· If you’re a developer who finds yourself faced with automation tasks but aren’t familiar with the various conventions and techniques around the command line, this book will help you. A problem you might have is the maintenance of a “quick hack” script you wrote that has lived long past its prime. This book will give you the tools and techniques to make your next script longer-lived, polished, and bulletproof…all without spending a lot of time on it.

· If you’re a sysadmin, you might find shell scripting limiting or frustrating. If you’re pushing bash to the limit in your automation tasks, this book will open up a whole new world for you. Writing command-line apps in Ruby is also a great way to really learn Ruby and become a better programmer, since you can apply it directly to your day-to-day tasks.

What You’ll Need

The only thing you’ll need to follow along is a Ruby installation and a UNIX-like shell. You’ll need to have either Ruby 2.0 or 2.1 for all the examples in this book to work, and the bash shell is recommended (although we aren’t going to be seeing many shell-specific features). If you download the code from the book’s website,[1] you’ll notice at the top of the archive is a Gemfile. This should contain a list of all the gems you need to run the example apps, and you can use this file, along with Bundler,[2] to install everything in one step. If you don’t know what any of that means, don’t worry; the book will tell you when to install any needed gems. If things aren’t working right, you can use the Gemfile to see which versions of gems I used when writing the book.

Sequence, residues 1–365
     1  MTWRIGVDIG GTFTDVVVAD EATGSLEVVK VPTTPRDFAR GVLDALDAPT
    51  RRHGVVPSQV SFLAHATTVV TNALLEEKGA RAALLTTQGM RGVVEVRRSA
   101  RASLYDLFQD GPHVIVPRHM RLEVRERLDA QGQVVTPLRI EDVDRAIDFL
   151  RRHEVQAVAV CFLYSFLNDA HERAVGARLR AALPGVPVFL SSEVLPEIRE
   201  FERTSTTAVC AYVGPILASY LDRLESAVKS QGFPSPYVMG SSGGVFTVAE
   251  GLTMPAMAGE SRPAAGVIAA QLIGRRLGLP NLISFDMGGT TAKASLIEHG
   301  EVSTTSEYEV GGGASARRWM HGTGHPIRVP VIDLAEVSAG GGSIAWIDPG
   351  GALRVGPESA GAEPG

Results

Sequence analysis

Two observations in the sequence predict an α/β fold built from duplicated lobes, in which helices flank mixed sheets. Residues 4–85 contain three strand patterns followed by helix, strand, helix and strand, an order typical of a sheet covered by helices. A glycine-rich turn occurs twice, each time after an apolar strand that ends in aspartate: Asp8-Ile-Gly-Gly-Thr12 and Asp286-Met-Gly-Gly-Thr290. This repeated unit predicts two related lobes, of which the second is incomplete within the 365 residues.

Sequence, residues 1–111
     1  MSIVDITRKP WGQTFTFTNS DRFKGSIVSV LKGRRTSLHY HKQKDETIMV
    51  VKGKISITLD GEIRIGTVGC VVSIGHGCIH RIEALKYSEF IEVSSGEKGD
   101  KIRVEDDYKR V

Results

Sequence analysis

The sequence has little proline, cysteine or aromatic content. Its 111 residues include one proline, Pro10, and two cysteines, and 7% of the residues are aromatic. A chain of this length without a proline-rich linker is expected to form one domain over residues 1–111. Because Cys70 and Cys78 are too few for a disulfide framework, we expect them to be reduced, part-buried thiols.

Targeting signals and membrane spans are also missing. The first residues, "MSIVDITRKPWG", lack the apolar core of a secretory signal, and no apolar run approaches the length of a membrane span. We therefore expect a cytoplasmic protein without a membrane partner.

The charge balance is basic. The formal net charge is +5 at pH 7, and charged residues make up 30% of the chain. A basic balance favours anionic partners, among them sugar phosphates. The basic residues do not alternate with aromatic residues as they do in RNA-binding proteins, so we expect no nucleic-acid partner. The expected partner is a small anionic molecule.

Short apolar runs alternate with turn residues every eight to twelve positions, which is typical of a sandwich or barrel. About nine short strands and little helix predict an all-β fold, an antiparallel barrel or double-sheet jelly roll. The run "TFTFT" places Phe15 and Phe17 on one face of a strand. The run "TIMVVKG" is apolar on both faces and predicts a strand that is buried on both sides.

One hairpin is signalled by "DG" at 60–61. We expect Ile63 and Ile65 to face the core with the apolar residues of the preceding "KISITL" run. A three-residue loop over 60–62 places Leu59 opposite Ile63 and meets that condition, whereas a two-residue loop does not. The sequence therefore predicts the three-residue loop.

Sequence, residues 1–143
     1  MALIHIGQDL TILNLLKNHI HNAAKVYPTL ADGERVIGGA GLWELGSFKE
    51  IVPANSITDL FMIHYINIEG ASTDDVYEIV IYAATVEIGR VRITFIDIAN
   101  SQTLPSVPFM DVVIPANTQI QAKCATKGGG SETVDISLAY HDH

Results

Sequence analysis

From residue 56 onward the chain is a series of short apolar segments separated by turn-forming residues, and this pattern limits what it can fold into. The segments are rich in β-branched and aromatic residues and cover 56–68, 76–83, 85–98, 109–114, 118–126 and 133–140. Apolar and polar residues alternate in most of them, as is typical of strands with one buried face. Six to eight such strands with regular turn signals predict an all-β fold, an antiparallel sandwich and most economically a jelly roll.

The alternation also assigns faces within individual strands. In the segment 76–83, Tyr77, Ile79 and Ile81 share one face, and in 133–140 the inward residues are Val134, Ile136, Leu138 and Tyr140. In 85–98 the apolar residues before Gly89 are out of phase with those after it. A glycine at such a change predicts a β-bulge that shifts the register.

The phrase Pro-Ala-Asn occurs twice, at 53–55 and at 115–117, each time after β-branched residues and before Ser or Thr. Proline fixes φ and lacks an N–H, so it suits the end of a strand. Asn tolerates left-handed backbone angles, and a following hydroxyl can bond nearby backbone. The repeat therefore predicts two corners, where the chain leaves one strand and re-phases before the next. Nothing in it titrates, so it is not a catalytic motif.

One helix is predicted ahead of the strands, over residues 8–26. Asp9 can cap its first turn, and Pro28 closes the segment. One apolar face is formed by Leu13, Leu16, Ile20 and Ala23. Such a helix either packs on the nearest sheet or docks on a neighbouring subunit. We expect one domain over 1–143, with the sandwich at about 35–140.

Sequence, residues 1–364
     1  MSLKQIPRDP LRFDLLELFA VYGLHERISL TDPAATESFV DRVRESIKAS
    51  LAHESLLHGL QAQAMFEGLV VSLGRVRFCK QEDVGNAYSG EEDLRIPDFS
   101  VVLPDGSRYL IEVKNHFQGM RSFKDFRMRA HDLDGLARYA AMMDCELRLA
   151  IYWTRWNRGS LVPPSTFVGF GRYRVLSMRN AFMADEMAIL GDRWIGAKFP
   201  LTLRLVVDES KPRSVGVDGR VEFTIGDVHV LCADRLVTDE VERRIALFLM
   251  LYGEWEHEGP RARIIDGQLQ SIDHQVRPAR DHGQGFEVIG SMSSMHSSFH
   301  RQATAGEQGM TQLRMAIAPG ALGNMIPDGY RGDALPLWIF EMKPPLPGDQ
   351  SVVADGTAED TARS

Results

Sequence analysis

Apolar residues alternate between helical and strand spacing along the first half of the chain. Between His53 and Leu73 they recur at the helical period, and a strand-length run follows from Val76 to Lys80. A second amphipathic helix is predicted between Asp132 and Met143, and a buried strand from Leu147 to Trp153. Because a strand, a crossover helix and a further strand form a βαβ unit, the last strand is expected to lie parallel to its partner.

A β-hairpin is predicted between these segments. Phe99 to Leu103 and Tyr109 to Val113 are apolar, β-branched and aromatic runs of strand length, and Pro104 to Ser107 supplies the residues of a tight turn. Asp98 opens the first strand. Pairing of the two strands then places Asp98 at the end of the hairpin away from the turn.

For writing command-line apps and following along with the examples, Mac and Linux users just need a text editor and a terminal or shell application (I’m assuming you’ll have Ruby installed already; most Linux distributions include it). I highly recommend that you use RVM[3] and create a gemset for the examples in this book. RVM allows you to install any version of Ruby alongside your system version and to isolate gems from one another, which is very handy when learning new technologies.

For Windows users, the examples and code should work from the command prompt; however, you might have a better experience installing Cygwin[4] or MSYS[5] and using one of those for your shell. If you haven’t installed Ruby, the easiest way to do that is to use the Ruby Installer.[6]For the most part, everything in this book is compatible with Windows, with the exception of the following: